The latest issue of The Canadian Field-Naturalist (CFN) will soon arrive in the physical mailboxes of those with printed copy subscriptions. The Canadian Field-Naturalist is the official journal and publication of record for the Ottawa Field-Naturalists’ Club (OFNC). The current issue is already posted online at

This issue has eight manuscripts, covering freeze-dried turtles, Red-eared Sliders nesting in the Greater Toronto Area, wolf teeth from Greenland, marine invertebrates in south-coastal British Columbia, effects of burns and clear-cuts on Caribou in Newfoundland, effects of anthropogenic disturbance on Chimney Swift nesting in Manitoba, an observation of an interaction between a mammalian and avian predator and their prey, and eight years of observations on Grizzly Bear activity in relation to spawning Kokanee salmon abundance.

The Manning Fund continues to help offset publication costs for some manuscripts and allows the OFNC to achieve some of its objectives: “publish the results of research in all fields of natural history and to diffuse information on these fields as widely as possible”.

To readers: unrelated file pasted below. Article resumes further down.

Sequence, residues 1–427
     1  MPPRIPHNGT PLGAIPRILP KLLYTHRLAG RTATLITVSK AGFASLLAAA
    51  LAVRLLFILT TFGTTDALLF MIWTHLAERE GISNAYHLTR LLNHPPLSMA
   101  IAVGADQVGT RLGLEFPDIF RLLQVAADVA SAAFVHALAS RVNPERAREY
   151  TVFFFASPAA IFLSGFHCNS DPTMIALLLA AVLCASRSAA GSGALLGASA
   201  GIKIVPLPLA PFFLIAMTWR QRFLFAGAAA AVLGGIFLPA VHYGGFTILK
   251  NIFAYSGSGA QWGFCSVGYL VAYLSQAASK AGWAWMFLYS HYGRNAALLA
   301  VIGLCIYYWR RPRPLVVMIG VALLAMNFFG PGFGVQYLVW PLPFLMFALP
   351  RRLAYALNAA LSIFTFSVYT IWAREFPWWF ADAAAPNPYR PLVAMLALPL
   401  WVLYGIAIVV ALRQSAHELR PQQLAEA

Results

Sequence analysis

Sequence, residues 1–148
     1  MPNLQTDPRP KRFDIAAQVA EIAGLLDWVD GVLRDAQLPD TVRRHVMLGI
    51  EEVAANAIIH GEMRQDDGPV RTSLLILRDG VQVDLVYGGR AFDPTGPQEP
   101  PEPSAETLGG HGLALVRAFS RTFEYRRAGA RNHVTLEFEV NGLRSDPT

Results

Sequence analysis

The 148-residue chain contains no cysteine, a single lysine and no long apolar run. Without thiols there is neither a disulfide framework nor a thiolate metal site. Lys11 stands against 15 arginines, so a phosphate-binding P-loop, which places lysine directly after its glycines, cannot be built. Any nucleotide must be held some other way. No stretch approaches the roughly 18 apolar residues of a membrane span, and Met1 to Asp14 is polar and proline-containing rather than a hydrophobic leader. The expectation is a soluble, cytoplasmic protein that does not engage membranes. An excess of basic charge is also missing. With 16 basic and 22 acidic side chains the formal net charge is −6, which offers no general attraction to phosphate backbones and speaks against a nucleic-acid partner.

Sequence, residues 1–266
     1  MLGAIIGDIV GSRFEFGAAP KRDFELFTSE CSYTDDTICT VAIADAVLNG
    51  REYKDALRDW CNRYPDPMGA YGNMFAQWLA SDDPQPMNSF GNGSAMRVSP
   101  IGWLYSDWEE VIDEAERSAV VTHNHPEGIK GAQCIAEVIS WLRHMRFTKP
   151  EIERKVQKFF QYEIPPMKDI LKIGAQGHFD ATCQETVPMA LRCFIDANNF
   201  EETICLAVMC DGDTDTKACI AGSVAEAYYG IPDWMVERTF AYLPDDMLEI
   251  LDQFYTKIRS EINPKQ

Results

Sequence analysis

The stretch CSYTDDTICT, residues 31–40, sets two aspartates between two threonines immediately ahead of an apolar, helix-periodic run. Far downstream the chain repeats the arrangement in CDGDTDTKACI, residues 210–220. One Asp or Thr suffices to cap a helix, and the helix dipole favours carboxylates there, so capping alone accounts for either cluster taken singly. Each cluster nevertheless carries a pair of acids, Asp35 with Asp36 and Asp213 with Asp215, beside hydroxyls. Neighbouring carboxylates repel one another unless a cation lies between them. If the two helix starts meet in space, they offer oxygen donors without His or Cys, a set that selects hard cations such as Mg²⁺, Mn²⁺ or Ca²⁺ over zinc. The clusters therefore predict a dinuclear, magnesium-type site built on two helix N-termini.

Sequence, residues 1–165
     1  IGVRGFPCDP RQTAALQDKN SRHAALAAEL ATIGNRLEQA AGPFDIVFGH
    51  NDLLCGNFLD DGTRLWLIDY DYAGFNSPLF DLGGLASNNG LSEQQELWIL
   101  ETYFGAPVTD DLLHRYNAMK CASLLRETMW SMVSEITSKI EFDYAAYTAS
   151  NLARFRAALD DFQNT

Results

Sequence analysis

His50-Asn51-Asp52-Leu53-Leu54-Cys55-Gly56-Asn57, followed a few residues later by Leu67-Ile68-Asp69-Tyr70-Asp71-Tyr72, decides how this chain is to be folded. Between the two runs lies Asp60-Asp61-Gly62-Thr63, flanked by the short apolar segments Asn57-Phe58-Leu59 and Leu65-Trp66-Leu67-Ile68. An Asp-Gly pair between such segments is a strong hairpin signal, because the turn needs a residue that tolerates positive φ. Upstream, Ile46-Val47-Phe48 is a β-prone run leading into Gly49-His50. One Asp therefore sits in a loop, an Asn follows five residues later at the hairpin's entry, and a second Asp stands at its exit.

Both the studies on marine invertebrates and bears and fish were completed as parts of undergraduate student programs which typically do not cover publication charges. The article on marine invertebrates examines diversity in a marine protected area from two older studies (1973 and 1989) and a more recent survey (2015). The study illustrates opportunities and general challenges in compiling and comparing historical data sets with those collected more recently.

The study on bears and fish is based on observations from a commercial bear viewing company and provincial government counts of spawning Kokanee. One such observation resulted in this issue’s cover photograph. Similar to what is known from bear and salmon interactions along coastal rivers, when landlocked Kokanee salmon numbers are up, so too are bear observations along the inland river. The study was only possible because of the collaboration and combination of long-term community science and government datasets. This manuscript is the Feature Article for 136(4), and has been made freely available online.

OFNC members can freely access the entire current and past issues online. Contact Bill Halliday to obtain instructions on how to create an account on the CFN website.


Dwayne Lepitzki, Ph.D.